Although the current concentration of airborne microplastics is low and their influence on global climate is thought to be minimal, a more significant impact is anticipated in the future due to projections of increasing amounts of microplastics in the atmosphere.

Apart from the climate, microplastic pollution has a direct impact on aquatic life, local ecosystems, and human health. These effects are very serious and if not handled properly can have detrimental effects on a number of ecosystems. 

“Particles under 10 micrometers have been shown to be environmentally relevant. Many organisms, from large marine birds to zooplankton, have been found to have ingested microplastics, and nanoplastics (the category of plastic particles smaller than 1 micrometer) have been found in human blood. Research back to the 1990s has shown increased cases of interstitial lung disease in workers working in factories [where they inhale] microplastics,” explained Brown.

Recycling's hidden microplastic menace
Microplastics become trapped in marine habitats.

Microplastic pollution on land has detrimental effects on sub-surface species and soil functions. It disrupts the delicate balance of ecosystems by decreasing the populations of micro-organisms that reside beneath the surface, many of which are essential for soil and plant health.

Additionally, chlorinated plastics contribute to soil and water contamination, releasing harmful chemicals that can harm surrounding ecosystems.

And now it is clear that recycling of plastics may not be the solution to avoiding this contamination.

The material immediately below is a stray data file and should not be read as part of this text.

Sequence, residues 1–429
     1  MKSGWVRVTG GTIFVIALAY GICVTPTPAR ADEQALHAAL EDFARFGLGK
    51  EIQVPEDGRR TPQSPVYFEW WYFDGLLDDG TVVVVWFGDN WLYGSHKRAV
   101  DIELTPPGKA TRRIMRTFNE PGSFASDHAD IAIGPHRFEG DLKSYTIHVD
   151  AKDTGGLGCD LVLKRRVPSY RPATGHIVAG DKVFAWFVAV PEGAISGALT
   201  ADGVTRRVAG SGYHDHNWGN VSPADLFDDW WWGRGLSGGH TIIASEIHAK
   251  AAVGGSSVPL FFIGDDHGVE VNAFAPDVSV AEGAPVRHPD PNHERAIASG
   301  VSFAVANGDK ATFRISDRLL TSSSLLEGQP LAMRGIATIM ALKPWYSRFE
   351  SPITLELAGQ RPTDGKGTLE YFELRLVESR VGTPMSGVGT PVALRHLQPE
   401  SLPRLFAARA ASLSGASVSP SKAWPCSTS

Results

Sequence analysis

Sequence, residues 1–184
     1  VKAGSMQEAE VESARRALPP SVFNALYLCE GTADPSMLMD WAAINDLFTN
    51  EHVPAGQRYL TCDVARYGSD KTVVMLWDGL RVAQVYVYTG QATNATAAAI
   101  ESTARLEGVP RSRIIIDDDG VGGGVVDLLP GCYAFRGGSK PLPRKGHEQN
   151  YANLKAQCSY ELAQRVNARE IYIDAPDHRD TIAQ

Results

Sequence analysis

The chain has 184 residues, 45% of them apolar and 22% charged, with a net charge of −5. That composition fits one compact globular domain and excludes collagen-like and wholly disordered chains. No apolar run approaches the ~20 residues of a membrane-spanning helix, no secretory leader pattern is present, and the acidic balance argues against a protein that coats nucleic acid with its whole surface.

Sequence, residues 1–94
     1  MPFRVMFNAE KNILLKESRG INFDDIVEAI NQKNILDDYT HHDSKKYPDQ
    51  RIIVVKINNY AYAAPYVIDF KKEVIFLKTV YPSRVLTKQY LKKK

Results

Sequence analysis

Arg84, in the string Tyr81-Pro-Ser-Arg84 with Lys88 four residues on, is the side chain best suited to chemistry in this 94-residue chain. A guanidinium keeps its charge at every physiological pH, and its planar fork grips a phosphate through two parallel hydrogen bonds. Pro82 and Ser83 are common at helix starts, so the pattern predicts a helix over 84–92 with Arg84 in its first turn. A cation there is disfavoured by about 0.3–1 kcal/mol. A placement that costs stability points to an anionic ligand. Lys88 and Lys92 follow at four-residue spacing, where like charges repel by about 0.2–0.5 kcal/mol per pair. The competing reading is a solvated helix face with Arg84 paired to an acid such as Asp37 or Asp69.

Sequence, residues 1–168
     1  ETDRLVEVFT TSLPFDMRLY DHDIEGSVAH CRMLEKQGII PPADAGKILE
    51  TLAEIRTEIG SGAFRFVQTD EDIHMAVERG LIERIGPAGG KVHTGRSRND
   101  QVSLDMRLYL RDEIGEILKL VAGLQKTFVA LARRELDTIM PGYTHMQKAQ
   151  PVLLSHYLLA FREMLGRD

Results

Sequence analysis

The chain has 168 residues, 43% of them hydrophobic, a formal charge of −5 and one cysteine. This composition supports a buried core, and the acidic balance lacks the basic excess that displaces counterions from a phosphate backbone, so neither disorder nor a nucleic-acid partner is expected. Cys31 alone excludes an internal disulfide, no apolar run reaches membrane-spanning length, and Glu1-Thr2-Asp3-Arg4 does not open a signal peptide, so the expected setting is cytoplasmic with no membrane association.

Tackling the problem

To tackle this problem, we need to first understand where microplastics come from. Many of them come from clothing and cosmetic products.

A single wash of a synthetic jacket can release around 1.7 grams of microplastics into the water. Microbeads — used in cosmetic products and sunscreens — also contribute significantly. 

Several countries, including the UK, Netherlands, Ireland, and Canada, have banned the use of microbeads in cosmetic products in order to tackle this issue. 

Brown and her team recommend incorporating additional filtration methods to remove smaller microplastics in water at recycling facilities. However, this poses significant challenges due to the large volumes of microplastics in the water. 

Recycling's hidden microplastic menace
Both lay respondents and experts are uncertain about the risks associated with microplastics.

"Some methods are coagulation or flocculation (designed to clump the particles together for easier removal), or others, such as the use of magnetics, can help to remove microplastics from the wash water in the recycling facilities. The issue with these methods is that the challenge is to make them economically viable or effective when scaled up to the necessary volumes," explained Brown. 

Brown also thinks that integrating microplastics into water quality regulations is necessary. 

"Though this is necessary, I do not believe it is sufficient. The real solution we actually need to implement is a massive global reduction in plastic production and consumption. Single-use plastics are slowly being reduced, but this is at an item-by-item pace."

"Every day, the world has more plastic than the day before, and this is increasing daily. We need a drastic, impactful change in our mentality towards the use of plastics within the economy and our lives, and international decisions must be made and committed to in order to do so," explained Brown.

But what about the plastic that already exists on Earth? Scientists have found some innovative solutions for that. 

Recycling's hidden microplastic menace
The various sources of microplastics, release routes, and sinks.